Mostly vs. Completely - Why the Reformation Matters
This past week began a year of celebration of the approaching 500th anniversary of the Reformation of the church. This year Lutherans, Presbyterians, Anglicans, Baptists, and even some Roman Christians will commemorate the posting of the 95 theses by the Augustinian monk Martin Luther, as well as the following reforms that took place in the Western church.
For some, the Reformation is a source of triumphalistic, tribal taunting. Luther is seen as an iconoclastic maverick who set out to break free from tradition and start a new church. Nothing could be father from the truth. The fact that Luther sent a copy of his 95 theses to his archbishop shows that he was acting as a son of the church within the church. And a reading of the Lutheran Confessions shows that the Reformers saw themselves as Catholic Christians seeking reform from within rather than without.
Others would see the Reformation as a political move – an effort to break away from established authority and the power of the Papacy. This is true to some extent. The movement was more than just a church matter – it was deeply political – but not only political.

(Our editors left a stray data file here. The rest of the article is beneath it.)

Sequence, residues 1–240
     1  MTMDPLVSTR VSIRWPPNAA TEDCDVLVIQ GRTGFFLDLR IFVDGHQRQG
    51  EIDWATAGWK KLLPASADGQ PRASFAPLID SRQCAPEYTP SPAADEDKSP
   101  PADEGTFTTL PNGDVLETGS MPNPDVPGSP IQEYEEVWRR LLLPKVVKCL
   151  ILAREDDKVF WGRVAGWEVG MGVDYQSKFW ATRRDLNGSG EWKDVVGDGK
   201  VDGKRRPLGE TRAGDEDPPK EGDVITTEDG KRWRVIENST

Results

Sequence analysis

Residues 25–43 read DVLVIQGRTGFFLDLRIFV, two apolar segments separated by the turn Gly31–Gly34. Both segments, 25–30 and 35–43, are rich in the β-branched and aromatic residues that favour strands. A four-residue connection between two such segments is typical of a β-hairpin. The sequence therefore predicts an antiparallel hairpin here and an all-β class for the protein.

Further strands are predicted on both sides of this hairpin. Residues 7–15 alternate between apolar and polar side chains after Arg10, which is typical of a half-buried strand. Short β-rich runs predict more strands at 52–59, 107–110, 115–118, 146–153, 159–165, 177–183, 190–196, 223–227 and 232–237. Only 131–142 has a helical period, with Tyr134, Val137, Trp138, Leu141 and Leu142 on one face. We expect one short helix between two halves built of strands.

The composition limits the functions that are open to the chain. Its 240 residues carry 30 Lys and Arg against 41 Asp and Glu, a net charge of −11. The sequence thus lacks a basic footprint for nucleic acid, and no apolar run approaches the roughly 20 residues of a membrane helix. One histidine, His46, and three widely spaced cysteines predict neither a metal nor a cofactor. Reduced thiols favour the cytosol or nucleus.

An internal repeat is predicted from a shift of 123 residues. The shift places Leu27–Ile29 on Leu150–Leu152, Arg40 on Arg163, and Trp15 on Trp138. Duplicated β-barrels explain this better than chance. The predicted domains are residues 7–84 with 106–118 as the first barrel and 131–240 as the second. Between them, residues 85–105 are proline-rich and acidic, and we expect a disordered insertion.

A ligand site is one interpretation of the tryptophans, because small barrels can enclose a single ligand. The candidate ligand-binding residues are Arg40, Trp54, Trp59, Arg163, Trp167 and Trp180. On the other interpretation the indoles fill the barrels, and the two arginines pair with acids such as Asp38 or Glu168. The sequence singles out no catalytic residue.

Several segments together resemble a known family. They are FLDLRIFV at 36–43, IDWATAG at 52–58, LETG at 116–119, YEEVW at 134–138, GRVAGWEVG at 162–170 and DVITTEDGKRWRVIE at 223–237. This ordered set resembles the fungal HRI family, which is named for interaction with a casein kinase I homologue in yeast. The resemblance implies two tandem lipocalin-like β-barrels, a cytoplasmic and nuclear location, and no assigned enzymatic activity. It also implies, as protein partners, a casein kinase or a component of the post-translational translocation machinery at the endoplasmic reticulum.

At the heart of the Reformation was an afflicted conscience before God, and the life or death difference between “mostly” and “completely.”
A "Mostly" Gospel
The church had always taught that we are saved by grace and not works (Eph. 2:8-10). But the church has often forgot, compromised, or clouded this beautiful truth. On paper, Augustine won over Pelagius (a monk who taught we can keep God’s commandments without his help), but in practice Pelagius persisted. The church during Luther’s time taught a “mostly” doctrine of salvation. To the question, “How am I right with God? How am I saved from sin rather than condemned?” the church had more and more responded with the following answers:
You can be mostly sure that you are saved. But never completely sure. So live in fear and work hard.
God does most of the work by sending Jesus to die for your sins, but you need to work with God to bring his work to completion.
And when you mess up and break the commandments, God will give you grace and let you back in if you do your best. “Do what is in you” was the phrase, which is another way of saying that if you do the most you can do, God will surely show you grace.
Very few people enjoy God's presence after death. Most people have to go through the process of purgatory because their satisfaction for sin is incomplete.
A Monk with a Guilty Conscience
As a monk, Luther lived in this “mostly” world of uncertainty about his salvation. He worked hard. He prayed more than you pray. He fasted more than you do. He tried to gain assurance of God’s grace the way Olympic athletes train for gold medals. But he always came up short. The piety on the outside thinly masked the sin and rebellion on the inside. Luther despaired. He even secretly hated God and wished that this distance deity did not exist.